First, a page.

Saturday, September 24, 2005

I'm getting tired of not being able to upload anything here

I'm stuck with a 26K dial-up (part of the wonders of Tx country living), and am looking at satellite broadband.

It looks like a choice between Directway and Wild Blue.

It looks like Wild Blue is some kind of startup company.

WildBlue Communications is the first satellite communications company to offer a satellite Internet system utilizing newer space age technology based on KA-band satellite services. WildBlue Communications hopes to see nothing but blues skies ahead -- dotted with the company's satellites. The development-stage satellite system operator, formerly known as iSky, is targeting consumers, home offices, and small businesses in North America. It plans to use Ka-band geosynchronous satellites to deliver broadband Internet services combined with DBS (direct broadcast satellite) satellite TV services from EchoStar and DIRECTV.

It sounds like they know what they're talking about, but I'm wondering if as they just got done Beta testing- how reliable is it? SBC just put a repeater up at the top of the hill, and it's slowed down this dial-up even more, I can't even get into some sites I was able too two weeks ago.

At least I know why the installation is almost $150 less than their competitors.

Wildblue is a new Satellite Internet system that has tremendously fast upload and download speeds with a much smaller (and less expensive) dish. How can it do this? Because the Wildblue satellite Inernet system uses a faster (KA Band) frequency that traditional satellite providers (KU Band). A faster frequency means that you’re able to force more information through the same size pipe.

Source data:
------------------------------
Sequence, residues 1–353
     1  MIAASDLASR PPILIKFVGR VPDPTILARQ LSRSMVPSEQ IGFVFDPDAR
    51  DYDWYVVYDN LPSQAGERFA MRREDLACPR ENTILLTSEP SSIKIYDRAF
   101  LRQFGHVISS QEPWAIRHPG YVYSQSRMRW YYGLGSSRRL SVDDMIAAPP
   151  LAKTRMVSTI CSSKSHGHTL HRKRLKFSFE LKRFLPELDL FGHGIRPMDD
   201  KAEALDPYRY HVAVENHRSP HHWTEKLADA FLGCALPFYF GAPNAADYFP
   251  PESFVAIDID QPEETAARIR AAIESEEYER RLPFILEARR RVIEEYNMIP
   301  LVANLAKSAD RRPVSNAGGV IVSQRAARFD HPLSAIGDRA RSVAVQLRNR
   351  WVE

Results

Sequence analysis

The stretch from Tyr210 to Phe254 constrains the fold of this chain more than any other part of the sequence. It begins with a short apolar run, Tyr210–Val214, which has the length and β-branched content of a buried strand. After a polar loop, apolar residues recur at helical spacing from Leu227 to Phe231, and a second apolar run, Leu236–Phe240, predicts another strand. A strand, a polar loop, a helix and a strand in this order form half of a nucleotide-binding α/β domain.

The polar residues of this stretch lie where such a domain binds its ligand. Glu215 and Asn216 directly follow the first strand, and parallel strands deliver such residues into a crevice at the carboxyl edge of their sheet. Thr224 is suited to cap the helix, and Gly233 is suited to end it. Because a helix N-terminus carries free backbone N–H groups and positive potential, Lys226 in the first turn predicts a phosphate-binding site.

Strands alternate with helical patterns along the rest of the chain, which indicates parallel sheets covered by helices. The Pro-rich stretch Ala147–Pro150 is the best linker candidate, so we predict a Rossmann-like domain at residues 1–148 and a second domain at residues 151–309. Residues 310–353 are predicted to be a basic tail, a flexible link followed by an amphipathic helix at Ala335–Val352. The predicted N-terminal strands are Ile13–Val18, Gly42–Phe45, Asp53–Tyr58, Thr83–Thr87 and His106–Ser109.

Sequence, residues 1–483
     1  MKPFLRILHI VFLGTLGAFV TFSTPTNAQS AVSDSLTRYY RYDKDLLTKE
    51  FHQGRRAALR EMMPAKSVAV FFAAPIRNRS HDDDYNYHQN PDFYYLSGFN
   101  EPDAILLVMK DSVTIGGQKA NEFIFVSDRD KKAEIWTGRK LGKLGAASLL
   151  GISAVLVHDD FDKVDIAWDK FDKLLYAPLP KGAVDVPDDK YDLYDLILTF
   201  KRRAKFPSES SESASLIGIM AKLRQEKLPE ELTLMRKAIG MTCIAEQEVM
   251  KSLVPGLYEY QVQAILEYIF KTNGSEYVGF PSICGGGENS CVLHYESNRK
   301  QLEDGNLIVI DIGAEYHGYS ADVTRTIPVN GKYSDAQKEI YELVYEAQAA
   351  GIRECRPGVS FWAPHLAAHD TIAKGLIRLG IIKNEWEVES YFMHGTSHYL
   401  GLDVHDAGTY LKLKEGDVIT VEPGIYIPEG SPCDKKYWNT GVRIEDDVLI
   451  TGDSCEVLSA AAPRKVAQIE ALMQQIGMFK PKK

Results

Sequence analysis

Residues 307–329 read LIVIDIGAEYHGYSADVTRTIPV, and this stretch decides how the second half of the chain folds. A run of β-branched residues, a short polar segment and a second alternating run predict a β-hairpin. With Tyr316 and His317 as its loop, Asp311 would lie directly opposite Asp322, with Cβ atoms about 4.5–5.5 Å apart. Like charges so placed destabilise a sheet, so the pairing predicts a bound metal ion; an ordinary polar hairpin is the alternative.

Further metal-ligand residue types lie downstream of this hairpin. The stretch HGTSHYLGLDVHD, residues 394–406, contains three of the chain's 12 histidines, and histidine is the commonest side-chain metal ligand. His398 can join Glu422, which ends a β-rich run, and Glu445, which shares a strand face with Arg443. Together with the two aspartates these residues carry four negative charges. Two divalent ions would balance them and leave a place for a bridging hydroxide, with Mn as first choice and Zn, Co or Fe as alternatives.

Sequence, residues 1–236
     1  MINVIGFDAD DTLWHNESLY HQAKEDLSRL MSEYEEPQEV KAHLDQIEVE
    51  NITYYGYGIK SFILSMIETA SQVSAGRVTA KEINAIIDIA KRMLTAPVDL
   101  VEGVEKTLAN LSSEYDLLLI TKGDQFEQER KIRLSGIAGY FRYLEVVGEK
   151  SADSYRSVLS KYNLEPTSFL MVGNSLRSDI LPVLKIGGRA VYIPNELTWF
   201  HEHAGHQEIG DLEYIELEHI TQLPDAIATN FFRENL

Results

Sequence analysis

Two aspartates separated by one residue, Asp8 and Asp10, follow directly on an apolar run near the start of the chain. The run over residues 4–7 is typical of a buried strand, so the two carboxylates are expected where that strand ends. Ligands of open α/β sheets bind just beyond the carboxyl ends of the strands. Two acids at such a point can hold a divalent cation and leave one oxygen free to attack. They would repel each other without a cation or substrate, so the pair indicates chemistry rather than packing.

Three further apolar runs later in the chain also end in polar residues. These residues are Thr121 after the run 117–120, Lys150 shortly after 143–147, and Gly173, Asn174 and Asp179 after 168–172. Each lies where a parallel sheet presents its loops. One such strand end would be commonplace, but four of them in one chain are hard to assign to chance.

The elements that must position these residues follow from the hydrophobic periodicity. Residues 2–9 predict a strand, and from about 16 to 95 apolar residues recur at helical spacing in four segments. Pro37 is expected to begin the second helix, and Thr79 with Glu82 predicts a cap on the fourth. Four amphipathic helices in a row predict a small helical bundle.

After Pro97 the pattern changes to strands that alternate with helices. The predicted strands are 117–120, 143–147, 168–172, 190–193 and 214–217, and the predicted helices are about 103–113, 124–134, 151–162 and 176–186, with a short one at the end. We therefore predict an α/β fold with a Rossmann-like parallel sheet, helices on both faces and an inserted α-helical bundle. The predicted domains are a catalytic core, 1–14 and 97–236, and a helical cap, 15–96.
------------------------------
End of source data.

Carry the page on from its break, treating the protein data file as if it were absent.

The downside is:

If there is a downside to Ka-band satellite internet, it is because its frequencies are so concentrated, its spectrum must be broken up into spot beams with a greatly reduced footprint. This will require Wildblue to provide additional uplink centers to accomodate additional loads that can be imposed by 2-way satellite communications.

This is where I'm kinda concerned. The way it looks is that I'm on the western side of the coverage area (for service, anyway)[I'm about under the N in Hondo]. Does the spot beam kinda fizz out at the edge, or is it a sharp cutoff? Maybe they only allow service well inside the beams coverage area?

And If I get it, I'll be paying $50/mo for broadband. Which is better than the $10/mo I'm paying ev1 for dial-up (it wasn't too bad at 56K, but this 26K is a killer).

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